SMITH BRAIN TRUST – The BBC's "Doctor Who" series has long embraced the idea of change. It's been written into the script for years, with the timelord protagonist's biological ability for regeneration and new incarnations.
And now the series is preparing for what is perhaps its most striking transformation. For the first time in the British sci-fi series' 54-year history, the Doctor will be portrayed by a woman. Jodie Whittaker will become the 13th timelord, taking over for Peter Capaldi, who will leave the show in December.
For "Doctor Who," the decision to cast a female Doctor may be less about a general acceptance of women in leadership roles as it is "a calculated decision" aimed at gathering attention, breaking with outdated gender stereotypes and driving additional viewers, says Christine Beckman, professor of management and organization at the University of Maryland's Robert H. Smith School of Business.
"If you think about the box office success of 'Wonder Woman' and the visibility that came with the all-female cast of the 'Ghostbusters' remake, they show that women leads can drive audiences to the theater (or TV)," says Beckman, who is also the director of the Center of Social Value Creation (CSVC) at the Smith School and the Smith Diversity Officer.
Nonetheless, the decision was sure to draw criticism, Beckman says.
The so-called internet trolls who were typing their disdain after the BBC's announcement this week are not unlike the ones who sought to tarnish the "Ghostbusters" remake with sexist vitriol. But the benefits, Beckman says, in terms of viewership and popular accolades will likely outweigh all that.
"The market power of women – they are an important audience – is being recognized," she says. "Understanding the typical viewer – and how to expand viewership – must be something they considered carefully in making this casting decision."
An estimated 50 percent of the series' ardent viewership is female, considerable for the sci-fi genre. And given that, perhaps, in the parlance of the series, it was about "timey-wimey."
"Pop culture," she says, "may be a leading not a following indicator here. The corporate world has been slow to change."
The progress in senior corporate executive roles remains slow, suggesting that had the series been "CEO Who," rather than "Doctor Who," the casting might have been more likely to continue to be male. Research finds that most people still reflexively perceive scientists, innovators and entrepreneurs as male.
Women are increasingly better represented in significant science-related professional roles, says Waverly Ding, associate professor of management and organization at the Smith School. "On the science front, the picture is brighter," says Ding. "Particularly in biosciences, the percentages of women obtaining doctoral degrees has been improving over time."
"In terms of how receptive people would be about reversing the old stereotype and having a super-woman-intellectual, I'm optimistic," says Ding, who has studied the gender gap among academic scientists who are asked to join corporate scientific advisory boards. "I think people are more receptive these days."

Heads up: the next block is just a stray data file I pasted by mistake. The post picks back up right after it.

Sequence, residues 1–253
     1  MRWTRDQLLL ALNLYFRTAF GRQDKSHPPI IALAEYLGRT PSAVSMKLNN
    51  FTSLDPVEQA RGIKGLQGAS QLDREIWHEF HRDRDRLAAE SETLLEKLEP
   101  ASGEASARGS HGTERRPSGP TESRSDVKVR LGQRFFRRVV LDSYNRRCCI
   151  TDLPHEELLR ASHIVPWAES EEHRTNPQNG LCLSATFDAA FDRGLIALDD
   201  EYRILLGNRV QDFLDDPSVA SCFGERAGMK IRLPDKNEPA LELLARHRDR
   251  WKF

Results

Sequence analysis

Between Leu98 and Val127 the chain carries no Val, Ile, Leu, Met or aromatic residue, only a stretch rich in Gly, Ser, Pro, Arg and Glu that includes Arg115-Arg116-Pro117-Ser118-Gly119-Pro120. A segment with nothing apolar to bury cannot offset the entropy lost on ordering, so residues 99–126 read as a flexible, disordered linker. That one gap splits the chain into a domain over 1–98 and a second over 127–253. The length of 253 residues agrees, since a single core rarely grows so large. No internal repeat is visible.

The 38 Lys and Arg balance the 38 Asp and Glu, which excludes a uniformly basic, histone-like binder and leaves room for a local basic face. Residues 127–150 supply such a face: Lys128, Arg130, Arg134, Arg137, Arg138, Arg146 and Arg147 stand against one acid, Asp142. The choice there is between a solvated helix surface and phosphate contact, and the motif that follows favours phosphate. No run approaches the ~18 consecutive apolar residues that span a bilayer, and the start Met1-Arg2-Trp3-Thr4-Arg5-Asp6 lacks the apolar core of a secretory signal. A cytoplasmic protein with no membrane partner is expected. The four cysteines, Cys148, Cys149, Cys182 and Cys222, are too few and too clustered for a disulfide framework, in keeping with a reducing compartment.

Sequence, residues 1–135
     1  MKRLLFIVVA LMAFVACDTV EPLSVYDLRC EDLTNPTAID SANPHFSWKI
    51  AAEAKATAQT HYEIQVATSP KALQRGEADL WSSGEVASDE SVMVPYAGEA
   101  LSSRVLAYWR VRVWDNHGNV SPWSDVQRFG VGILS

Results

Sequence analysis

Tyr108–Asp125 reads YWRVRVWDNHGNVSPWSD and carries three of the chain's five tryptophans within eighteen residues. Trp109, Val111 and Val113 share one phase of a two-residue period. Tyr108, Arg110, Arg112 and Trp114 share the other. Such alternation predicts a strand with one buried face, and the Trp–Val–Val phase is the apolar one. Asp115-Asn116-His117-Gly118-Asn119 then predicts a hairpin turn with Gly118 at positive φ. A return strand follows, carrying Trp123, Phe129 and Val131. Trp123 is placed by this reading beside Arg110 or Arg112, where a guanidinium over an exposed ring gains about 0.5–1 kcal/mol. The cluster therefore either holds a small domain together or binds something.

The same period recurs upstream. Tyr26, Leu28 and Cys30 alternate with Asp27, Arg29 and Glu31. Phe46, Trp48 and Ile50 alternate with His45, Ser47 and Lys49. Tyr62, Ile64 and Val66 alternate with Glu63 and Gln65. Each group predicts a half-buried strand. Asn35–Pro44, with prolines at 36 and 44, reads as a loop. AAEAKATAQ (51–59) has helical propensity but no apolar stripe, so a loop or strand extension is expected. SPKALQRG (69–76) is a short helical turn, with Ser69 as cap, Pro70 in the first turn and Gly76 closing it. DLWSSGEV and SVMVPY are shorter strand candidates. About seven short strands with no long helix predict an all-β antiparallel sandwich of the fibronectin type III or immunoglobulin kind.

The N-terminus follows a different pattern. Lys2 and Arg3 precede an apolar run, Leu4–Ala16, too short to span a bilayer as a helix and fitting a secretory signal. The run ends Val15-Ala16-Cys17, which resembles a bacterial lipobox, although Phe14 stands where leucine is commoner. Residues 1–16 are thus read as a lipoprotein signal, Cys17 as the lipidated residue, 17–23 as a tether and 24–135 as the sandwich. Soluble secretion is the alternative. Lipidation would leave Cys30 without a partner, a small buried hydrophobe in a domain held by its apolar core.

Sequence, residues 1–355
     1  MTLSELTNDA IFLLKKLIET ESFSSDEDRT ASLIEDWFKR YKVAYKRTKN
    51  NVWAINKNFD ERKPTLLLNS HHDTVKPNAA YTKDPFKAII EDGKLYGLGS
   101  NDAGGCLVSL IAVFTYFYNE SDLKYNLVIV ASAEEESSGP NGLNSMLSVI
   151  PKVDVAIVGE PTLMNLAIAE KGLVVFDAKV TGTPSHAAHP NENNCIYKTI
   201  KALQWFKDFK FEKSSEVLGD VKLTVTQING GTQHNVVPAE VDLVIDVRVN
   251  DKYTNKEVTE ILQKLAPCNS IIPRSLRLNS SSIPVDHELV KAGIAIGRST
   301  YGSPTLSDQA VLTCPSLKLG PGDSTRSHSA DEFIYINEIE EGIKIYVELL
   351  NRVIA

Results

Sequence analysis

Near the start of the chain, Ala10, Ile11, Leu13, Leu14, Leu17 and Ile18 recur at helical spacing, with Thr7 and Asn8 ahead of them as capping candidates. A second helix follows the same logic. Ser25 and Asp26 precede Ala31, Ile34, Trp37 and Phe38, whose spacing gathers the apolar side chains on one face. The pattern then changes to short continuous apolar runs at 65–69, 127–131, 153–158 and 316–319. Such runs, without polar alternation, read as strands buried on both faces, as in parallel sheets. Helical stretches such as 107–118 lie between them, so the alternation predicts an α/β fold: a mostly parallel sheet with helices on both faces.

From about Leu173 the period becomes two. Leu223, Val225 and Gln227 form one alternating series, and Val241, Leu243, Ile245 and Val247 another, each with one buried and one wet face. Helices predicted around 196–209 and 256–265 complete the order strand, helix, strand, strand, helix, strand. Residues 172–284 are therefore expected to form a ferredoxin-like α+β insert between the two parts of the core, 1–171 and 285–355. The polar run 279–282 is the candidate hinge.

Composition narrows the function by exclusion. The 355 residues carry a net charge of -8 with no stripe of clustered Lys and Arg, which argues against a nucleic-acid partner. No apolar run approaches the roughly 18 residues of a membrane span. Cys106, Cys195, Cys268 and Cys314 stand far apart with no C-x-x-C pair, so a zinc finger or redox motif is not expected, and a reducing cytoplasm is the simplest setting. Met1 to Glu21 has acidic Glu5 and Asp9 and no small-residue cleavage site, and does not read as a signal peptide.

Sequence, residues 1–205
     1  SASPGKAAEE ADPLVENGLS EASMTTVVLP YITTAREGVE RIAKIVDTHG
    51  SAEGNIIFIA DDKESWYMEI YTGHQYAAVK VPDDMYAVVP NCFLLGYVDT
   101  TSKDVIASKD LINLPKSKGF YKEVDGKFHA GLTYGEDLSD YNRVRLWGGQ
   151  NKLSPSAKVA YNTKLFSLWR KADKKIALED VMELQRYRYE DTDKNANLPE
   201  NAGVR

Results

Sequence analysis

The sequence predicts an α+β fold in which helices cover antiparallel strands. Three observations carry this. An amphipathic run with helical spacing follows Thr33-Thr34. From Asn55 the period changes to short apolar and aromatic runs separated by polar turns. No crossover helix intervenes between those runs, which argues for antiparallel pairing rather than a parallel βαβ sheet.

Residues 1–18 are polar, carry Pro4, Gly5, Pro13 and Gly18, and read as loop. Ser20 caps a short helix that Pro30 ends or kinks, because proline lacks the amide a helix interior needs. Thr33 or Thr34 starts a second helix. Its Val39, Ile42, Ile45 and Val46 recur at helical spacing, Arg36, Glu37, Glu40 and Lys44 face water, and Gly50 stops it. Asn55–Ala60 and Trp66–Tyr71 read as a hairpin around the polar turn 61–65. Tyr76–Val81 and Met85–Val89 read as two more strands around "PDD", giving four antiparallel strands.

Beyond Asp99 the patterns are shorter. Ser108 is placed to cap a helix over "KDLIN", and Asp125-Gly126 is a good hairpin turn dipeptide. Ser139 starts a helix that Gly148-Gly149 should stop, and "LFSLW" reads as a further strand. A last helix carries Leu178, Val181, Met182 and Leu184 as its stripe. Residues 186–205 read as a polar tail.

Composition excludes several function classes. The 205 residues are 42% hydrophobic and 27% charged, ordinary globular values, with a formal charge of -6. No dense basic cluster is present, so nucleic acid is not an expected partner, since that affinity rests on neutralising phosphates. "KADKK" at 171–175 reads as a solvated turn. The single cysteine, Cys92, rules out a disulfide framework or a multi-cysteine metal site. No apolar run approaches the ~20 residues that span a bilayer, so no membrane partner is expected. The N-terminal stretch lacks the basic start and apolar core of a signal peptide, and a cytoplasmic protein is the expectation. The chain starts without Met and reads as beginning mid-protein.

At times, pop culture has been accused of reinforcing those old gender associations, though over time there have been improvements. Think Olivia Pope in "Scandal," Carrie Mathison in "Homeland," or Rey in "Star Wars: The Force Awakens."
In the early episodes of the popular TV sitcom "The Big Bang Theory," the scientist lead characters were all male, and the primary female character was a pretty blonde waitress who aspired to be an actress. The gender-stereotypical casting drew criticism, and in later seasons, female scientist characters were added to the main cast.
The protagonist of the long-running "Doctor Who" series always was genderless – a 1,000-year-old time-traveling alien with a changing appearance and a blue time machine that's also a surprisingly spacious-on-the-inside spacecraft, the TARDIS.
But the Doctor has always incarnated as a white man, and that drew growing criticism about the series' lack of diversity. Women on the series have always tended to be sexy assistants to the Doctor.
The series producers chose a serious actress for the role, "a star on the rise" in Jodie Whittaker, says Henry C. Boyd III, clinical professor of marketing at the Smith School. And he says that sends a signal that the new Doctor incarnation will be as substantive as any that preceded it.
Whittaker, who has portrayed Beth Latimer on the acclaimed British series "Broadchurch," has also had turns on "Black Mirror," which Boyd describes as "a pretty cool show – like the Twilight Zone on steroids."
"It's a really interesting sci-fi, with a little bit of drama, and some black comedy in there. But it's one of these shows that a lot of people find mesmerizing," says Boyd. "And a lot of young people are drawn to it because you have these unusual storylines, and because it's very well-written and can be thought-provoking."
And that's much of what makes "Doctor Who" work. "It's about sci-fi, it's about drama and it's about having actors who can deliver," says Boyd. "It totally makes sense why they would choose her for the role."
GET SMITH BRAIN TRUST DELIVERED
TO YOUR INBOX EVERY WEEK
Media Relations Manager
About the University of Maryland's Robert H. Smith School of Business
The Robert H. Smith School of Business is an internationally recognized leader in management education and research. One of 12 colleges and schools at the University of Maryland, College Park, the Smith School offers undergraduate, full-time and flex MBA, executive MBA, online MBA, business master’s, PhD and executive education programs, as well as outreach services to the corporate community. The school offers its degree, custom and certification programs in learning locations in North America and Asia.